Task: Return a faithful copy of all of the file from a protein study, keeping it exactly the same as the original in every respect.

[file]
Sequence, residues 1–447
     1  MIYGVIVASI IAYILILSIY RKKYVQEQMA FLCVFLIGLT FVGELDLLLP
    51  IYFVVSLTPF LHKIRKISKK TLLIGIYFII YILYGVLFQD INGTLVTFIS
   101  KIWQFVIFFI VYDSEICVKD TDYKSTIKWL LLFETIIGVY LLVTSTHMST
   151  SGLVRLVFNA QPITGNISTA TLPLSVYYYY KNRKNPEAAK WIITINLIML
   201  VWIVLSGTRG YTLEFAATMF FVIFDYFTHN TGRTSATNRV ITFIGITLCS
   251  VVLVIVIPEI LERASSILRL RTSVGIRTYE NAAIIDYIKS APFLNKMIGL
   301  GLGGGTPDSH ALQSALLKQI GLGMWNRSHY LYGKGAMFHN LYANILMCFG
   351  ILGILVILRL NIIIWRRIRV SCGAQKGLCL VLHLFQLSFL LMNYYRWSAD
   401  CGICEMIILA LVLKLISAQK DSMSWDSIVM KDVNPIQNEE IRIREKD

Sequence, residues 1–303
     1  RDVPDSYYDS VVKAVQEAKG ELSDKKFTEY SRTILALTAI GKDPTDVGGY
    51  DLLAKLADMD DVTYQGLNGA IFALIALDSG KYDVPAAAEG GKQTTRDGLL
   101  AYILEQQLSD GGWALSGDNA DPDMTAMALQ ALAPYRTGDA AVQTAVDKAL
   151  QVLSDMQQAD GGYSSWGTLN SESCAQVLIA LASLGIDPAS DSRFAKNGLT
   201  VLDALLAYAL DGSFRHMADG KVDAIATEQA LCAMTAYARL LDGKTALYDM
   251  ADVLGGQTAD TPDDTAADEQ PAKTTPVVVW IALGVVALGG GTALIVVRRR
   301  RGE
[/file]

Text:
Sequence, residues 1–447
     1  MIYGVIVASI IAYILILSIY RKKYVQEQMA FLCVFLIGLT FVGELDLLLP
    51  IYFVVSLTPF LHKIRKISKK TLLIGIYFII YILYGVLFQD INGTLVTFIS
   101  KIWQFVIFFI VYDSEICVKD TDYKSTIKWL LLFETIIGVY LLVTSTHMST
   151  SGLVRLVFNA QPITGNISTA TLPLSVYYYY KNRKNPEAAK WIITINLIML
   201  VWIVLSGTRG YTLEFAATMF FVIFDYFTHN TGRTSATNRV ITFIGITLCS
   251  VVLVIVIPEI LERASSILRL RTSVGIRTYE NAAIIDYIKS APFLNKMIGL
   301  GLGGGTPDSH ALQSALLKQI GLGMWNRSHY LYGKGAMFHN LYANILMCFG
   351  ILGILVILRL NIIIWRRIRV SCGAQKGLCL VLHLFQLSFL LMNYYRWSAD
   401  CGICEMIILA LVLKLISAQK DSMSWDSIVM KDVNPIQNEE IRIREKD

Sequence, residues 1–303
     1  RDVPDSYYDS VVKAVQEAKG ELSDKKFTEY SRTILALTAI GKDPTDVGGY
    51  DLLAKLADMD DVTYQGLNGA IFALIALDSG KYDVPAAAEG GKQTTRDGLL
   101  AYILEQQLSD GGWALSGDNA DPDMTAMALQ ALAPYRTGDA AVQTAVDKAL
   151  QVLSDMQQAD GGYSSWGTLN SESCAQVLIA LASLGIDPAS DSRFAKNGLT
   201  VLDALLAYAL DGSFRHMADG KVDAIATEQA LCAMTAYARL LDGKTALYDM
   251  ADVLGGQTAD TPDDTAADEQ PAKTTPVVVW IALGVVALGG GTALIVVRRR
   301  RGE